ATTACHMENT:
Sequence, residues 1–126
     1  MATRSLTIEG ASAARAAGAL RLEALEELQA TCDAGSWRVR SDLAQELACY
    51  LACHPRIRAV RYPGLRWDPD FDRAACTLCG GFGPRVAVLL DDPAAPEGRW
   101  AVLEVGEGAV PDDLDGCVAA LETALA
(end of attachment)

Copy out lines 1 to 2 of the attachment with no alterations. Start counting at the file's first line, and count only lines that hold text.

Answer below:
Sequence, residues 1–126
     1  MATRSLTIEG ASAARAAGAL RLEALEELQA TCDAGSWRVR SDLAQELACY